I can’t say that I have ever found taxidermy terribly fashionable. The process is fascinatingly odd, but the end result is not necessarily something I would want lurking around the empty corners of your home. Trust Opening Ceremony to change my mind; their collaboration with legendary Parisian taxidermy boutique Deyrolle breathes life into the somewhat antiquated craft with their new collection. Bastien Lattanzio’s accompanying short film brilliantly showcases the clothes in the rustic setting of the shop, thereby juxtaposing the natural and botanical prints with the creatures that inspired them.
Featuring foxes, cats and beetles, the designs make up a small menagerie transposed to shirts, skirts and dresses. Now that is the kind of taxidermy I can live with.
Video games can be art and art can be video games, but rarely are either regarded as such. You don’t play a video game, enamored by its beauty. And, if you do, you are probably losing the gameplay. Video games are rarely written up in Artforum and art is rarely written up in IGN. The two worlds do not collide and do not seem to have a reason to, beyond the limits of the tangential video art world.
Limbo, an Xbox Live game released last summer, straddles this line. It is a video game, but it also is an incredibly deep artistic thought. The game plays simply enough, side-scrolling in 2D with only two “moves” (jump and push/pull) that you must discover for yourself. The game is “trial by death,” if you will. The story is simplistic and is not really explained: you play as a little boy who is just roaming through a dark, dangerous world searching for something. You deduce from the name that he is in a purgatory of sorts, which manifests itself as many different demons. There are many puzzles and “challenges,” but it being so simultaneously basic and difficult makes it a gamer’s delight: good gameplay, good story, good visuals–and nothing is ever explained.
In terms of artistry, the game–literally–feels like you are manipulating a melancholy, minimalist, monochromatic animated painting. It’s a dark cartoon-like version of a German Expressionist film. Created by Danish independent game studio Playdead, Limbo is the brainchild of Arnt Jensen, the game’s director. Through ups and downs over creative control, the group decided to ensure that the product was exactly how they wanted it–not Microsoft, not IO Interactive. The result is magnificent: a stoic, dark meditation on the search that befalls us in the afterlife. In this case, the search for answers and meaning underlines the ultimate goal in the game, which is stated in the tagline: “Uncertain of his sister’s fate, a boy enters Limbo.”
No one actually knows what limbo or purgatory or “the in-between” is like at all. But, if it is actually like this, then I guess we have a beautiful, puzzle filled, black/white/gray pre-heaven to look forward to.
My buddy Ben showed me this video by Time magazine with renowned futurist Ray Kurzweil, a guy who can tell you, reasonably, what the future’s going to look like. It’s not about flying cars and lasers, it’s about taking into account current technologies and the path these technologies have taken to get to where they are. In the vide above he talks about some of the advances we as humans will be making, like the ability to tell our bodies to stop storing fat, which is an age old survival technique that isn’t necessary for most people in most modern cities. I love hearing guys like this speak because it makes me excited about the future, though I’m sure there are a lot of people out there who find this stuff scary. Well, change is scary, but it’s inevitable.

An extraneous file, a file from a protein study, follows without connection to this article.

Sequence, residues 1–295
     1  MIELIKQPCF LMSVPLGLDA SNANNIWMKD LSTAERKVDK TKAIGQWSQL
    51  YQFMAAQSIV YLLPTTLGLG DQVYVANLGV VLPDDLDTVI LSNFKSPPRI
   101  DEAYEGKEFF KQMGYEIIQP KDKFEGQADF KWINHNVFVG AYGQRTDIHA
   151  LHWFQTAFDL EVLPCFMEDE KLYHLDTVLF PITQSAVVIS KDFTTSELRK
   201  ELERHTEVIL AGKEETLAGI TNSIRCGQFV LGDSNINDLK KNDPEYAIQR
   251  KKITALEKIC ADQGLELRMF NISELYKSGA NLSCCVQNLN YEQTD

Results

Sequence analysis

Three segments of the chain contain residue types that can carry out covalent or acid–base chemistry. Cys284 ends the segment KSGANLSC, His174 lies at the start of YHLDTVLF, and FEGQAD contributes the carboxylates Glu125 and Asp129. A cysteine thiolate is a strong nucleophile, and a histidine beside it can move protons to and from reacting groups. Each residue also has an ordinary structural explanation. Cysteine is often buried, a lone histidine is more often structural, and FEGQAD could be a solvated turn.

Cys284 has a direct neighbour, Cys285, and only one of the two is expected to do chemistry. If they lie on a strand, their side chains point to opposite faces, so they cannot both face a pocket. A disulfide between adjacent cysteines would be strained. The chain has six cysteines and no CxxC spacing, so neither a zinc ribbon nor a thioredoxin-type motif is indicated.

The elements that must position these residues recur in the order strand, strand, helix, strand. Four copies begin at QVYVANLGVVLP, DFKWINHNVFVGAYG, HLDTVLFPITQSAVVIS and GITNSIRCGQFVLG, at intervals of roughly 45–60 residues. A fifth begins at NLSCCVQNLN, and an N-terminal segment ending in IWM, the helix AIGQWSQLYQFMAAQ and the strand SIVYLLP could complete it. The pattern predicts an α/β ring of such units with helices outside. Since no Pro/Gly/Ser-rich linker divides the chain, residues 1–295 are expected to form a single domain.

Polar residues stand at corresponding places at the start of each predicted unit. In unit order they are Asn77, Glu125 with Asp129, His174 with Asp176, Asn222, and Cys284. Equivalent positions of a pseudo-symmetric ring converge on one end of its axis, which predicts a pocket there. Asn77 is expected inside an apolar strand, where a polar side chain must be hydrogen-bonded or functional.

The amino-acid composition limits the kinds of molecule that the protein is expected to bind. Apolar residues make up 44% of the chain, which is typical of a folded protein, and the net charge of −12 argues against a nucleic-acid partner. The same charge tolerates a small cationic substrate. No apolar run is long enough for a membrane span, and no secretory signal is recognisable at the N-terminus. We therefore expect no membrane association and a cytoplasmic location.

The weather here in Los Angeles lately has been so amazingly beautiful, I feel like this new video by Todd Cole for Rodarte does a great job capturing the feeling of what it’s been like. Titled The Curve of Forgotten Things, the short film features Elle Fanning, the younger sister of Dakota Fanning, and in my opinion, a huge up-and-coming actress who will be making waves in the very near future. You may have seen her in Somewhere, Sofia Coppola’s most recent and you’ll be seeing her in Super 8 over the summer, J.J. Abrams next directorial endeavor.
Director Todd Cole has Elle Fanning traipsing around the hills of Baldwin Hills, which is about 20 to 30 minutes south of Beverly Hills. I like that the film is really simple and does a great job of making the beautiful dresses by Rodarte shine. If you’re not familiar with Rodarte they’re a pair of sisters, Kate and Laura Mulleavy, who’s work you might have seen in Darren Aranofsky’s Black Swan. Rounding out this immensely talented group is the band Deerhunter, who made the music for the short. A ton of talented people coming together to make something beautiful.
Yesterday, Danica posted a lovely videoDe Vivre le Langue about the joys of discovery made when traveling or studying abroad. It reminded me of the video above Cliché: France seen from abroad made by French animator Cédric Villain. Villain pokes fun at the stereotypes associated with France using humor and a vintage animation style. From “rendezvous in a cul-de-sac” to French fries, French maids, and the French Riviera- the video treks across obvious territory before poking fun at its own leaders gaffes and the number exiled former dictators that have lived there. Villain does not offer tours of France, but he does offer a brief “making of” video about his Cliché animation here.